Turkey: Videos show electoral fraud and ballot stuffing
Issued on: Modified:
Turkish people went to the polls on Sunday, April 16 to vote in a referendum on changes to their constitution that would hand increased powers to current President Recep Tayyip Erdogan. The “Yes” camp won by a slim majority. However, the “No” camp has cried foul, claiming that the elections were rigged, and pointing to numerous videos, widely shared on social media, that appear to show voter fraud and ballot-box stuffing.
According to official results, the “Yes” camp won with 51.41 percent of votes while the “No” camp got 48.59 percent. The turnout was recorded at 8 percent, a higher number than usual for Turkish elections.
However, numerous videos seem to reveal voting irregularities, and even, in some cases, fraud. The main opposition party – the Republican People’s Party (CHP) – has demanded that authorities discount votes from polling places where these irregularities seem to have occurred.
The videos show ballots that were printed for this election, which mean that they can’t have been filmed during other elections. The FRANCE 24 Observers newsroom was able to verify the location of the polling places shown in these videos by cross-checking sources.
Ballot-box stuffing in Muş
Burası MUŞ'un Çatbaşı köyü...— Amed Dicle (@ameddicleT) 16 avril 2017
AKP'li Muhtar Mehmet Koçlardan oy kabinine kadar seçmenlere eşlik ediyor, kontrol edip geri dönüyor. pic.twitter.com/LEvsww7AoR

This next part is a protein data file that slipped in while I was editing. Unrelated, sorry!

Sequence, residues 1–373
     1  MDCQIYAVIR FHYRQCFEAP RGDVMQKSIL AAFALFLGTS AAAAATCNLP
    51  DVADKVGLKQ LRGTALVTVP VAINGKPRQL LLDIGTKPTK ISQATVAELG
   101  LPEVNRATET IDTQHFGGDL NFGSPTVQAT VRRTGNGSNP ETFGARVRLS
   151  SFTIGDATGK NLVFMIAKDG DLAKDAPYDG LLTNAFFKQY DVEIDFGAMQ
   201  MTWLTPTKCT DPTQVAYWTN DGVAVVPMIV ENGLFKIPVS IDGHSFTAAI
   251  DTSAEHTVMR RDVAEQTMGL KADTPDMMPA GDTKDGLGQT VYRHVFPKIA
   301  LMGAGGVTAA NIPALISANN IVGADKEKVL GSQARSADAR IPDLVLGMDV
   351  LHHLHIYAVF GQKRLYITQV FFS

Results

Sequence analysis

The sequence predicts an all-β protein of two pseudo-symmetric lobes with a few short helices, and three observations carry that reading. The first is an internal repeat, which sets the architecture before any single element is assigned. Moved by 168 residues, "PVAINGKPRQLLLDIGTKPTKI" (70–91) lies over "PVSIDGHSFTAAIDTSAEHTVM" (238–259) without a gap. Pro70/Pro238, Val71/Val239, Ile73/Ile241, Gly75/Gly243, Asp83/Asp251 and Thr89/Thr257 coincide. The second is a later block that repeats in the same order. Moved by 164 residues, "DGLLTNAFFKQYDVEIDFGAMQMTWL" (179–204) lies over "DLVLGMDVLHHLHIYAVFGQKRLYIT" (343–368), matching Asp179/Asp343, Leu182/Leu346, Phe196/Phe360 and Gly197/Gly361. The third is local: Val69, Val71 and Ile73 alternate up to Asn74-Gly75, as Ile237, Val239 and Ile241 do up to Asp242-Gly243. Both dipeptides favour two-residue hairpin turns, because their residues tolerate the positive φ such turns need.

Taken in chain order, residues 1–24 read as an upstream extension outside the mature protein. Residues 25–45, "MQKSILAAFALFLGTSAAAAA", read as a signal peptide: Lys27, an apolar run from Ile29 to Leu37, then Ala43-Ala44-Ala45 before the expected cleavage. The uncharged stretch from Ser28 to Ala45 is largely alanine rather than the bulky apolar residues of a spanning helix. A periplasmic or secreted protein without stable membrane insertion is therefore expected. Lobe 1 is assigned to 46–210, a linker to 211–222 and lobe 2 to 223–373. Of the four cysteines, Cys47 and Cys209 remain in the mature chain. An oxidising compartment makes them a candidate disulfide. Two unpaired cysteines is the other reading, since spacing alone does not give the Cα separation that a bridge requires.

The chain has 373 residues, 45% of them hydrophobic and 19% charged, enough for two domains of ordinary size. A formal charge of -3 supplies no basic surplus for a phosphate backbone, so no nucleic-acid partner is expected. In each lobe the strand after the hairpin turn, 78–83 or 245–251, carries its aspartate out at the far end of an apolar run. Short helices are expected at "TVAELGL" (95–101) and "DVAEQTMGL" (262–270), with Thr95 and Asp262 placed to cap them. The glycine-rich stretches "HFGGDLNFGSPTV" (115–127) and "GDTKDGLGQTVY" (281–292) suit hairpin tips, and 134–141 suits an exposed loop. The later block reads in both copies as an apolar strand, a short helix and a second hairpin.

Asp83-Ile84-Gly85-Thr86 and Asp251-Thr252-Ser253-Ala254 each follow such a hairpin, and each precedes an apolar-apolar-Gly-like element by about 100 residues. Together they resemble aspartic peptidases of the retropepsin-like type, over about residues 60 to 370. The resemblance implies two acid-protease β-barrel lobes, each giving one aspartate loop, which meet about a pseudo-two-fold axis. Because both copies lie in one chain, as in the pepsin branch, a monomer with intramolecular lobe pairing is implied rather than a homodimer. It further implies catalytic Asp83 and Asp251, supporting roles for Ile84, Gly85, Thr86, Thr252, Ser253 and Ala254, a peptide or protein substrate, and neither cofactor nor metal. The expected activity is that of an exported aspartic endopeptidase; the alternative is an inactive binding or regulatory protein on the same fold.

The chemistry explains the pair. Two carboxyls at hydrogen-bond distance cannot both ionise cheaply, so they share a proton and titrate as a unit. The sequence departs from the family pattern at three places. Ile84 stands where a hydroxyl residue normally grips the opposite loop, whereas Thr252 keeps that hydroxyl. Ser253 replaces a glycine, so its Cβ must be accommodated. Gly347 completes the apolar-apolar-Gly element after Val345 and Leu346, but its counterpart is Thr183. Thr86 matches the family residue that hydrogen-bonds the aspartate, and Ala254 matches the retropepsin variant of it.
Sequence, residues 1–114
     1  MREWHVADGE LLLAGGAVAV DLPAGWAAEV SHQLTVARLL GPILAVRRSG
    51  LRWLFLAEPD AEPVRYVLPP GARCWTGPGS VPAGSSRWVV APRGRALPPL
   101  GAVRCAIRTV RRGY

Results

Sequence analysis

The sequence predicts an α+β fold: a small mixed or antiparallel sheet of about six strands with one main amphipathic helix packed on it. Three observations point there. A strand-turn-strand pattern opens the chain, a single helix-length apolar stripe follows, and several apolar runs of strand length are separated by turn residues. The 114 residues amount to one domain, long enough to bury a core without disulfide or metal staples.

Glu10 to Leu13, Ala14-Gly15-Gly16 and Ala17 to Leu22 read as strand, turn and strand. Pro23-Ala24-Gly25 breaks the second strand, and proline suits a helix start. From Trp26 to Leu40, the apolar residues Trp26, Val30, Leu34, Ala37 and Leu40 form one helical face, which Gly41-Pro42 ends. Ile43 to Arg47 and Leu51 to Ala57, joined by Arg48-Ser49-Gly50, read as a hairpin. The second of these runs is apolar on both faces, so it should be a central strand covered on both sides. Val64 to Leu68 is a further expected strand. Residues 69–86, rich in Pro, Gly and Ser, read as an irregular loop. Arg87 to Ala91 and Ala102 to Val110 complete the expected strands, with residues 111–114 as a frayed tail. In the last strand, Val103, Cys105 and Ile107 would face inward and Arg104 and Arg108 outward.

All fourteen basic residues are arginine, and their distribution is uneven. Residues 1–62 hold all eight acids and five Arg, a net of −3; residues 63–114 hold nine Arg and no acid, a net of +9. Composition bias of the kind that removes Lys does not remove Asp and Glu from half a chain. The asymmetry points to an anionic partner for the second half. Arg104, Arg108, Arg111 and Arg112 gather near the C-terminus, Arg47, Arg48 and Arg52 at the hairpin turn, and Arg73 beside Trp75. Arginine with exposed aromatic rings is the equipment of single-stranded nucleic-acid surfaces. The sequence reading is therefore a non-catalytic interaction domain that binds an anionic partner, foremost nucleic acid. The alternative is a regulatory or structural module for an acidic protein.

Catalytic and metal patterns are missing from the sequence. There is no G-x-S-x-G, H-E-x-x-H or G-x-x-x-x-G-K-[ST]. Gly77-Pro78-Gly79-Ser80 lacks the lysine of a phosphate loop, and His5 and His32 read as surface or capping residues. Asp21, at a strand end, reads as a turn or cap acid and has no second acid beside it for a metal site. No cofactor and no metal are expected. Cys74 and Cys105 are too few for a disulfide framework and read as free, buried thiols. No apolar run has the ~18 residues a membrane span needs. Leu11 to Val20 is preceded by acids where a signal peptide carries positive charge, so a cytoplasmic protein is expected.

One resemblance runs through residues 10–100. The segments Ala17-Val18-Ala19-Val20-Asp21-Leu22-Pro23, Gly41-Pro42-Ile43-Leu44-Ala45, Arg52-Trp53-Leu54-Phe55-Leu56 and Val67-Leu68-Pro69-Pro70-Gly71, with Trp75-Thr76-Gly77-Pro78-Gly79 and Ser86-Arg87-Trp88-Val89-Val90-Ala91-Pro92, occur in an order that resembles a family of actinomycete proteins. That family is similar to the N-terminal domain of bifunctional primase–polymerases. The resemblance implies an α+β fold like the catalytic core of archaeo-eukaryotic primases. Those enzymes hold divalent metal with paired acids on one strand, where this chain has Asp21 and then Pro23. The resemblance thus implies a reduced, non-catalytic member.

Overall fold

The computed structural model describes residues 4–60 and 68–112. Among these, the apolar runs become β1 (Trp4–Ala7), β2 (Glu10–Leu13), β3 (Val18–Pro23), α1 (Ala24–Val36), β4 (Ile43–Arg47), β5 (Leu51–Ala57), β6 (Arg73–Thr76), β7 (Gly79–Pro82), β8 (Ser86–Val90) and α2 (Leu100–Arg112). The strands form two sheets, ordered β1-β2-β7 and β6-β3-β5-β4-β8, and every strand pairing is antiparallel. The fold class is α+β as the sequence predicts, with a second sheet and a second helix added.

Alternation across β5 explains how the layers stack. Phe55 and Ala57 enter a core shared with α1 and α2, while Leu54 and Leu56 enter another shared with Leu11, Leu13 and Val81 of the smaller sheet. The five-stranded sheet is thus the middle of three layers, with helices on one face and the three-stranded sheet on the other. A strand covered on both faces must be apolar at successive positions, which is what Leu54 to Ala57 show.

A village chief follows a voter into a voting booth and then joins him at the ballot box, where he drops in five ballots at the same time.
In a video shared thousands of times on Twitter, Mehmet Koçlardan, a village chief who belongs to the AKP (the Justice and Development Party, President Erdogan’s party), follows a voter into a polling booth. They come out together and then drop five ballots into the ballot box at the same time. The man filming tries to remain discreet by continuing his conversation with someone as he simultaneously captures the ballot-box stuffing on camera.
The centre-left daily newspaper Sözcü said that the video was likely filmed at a polling station in the village Çatbaşı in Muş, a province in the east of the country. After the video was posted on social media, CHP deputy Eren Erdem said that he would demand that votes from this polling place be discounted. In the Merkez district where Çatbaşı is located, 60 percent of votes went to the “Yes” camp.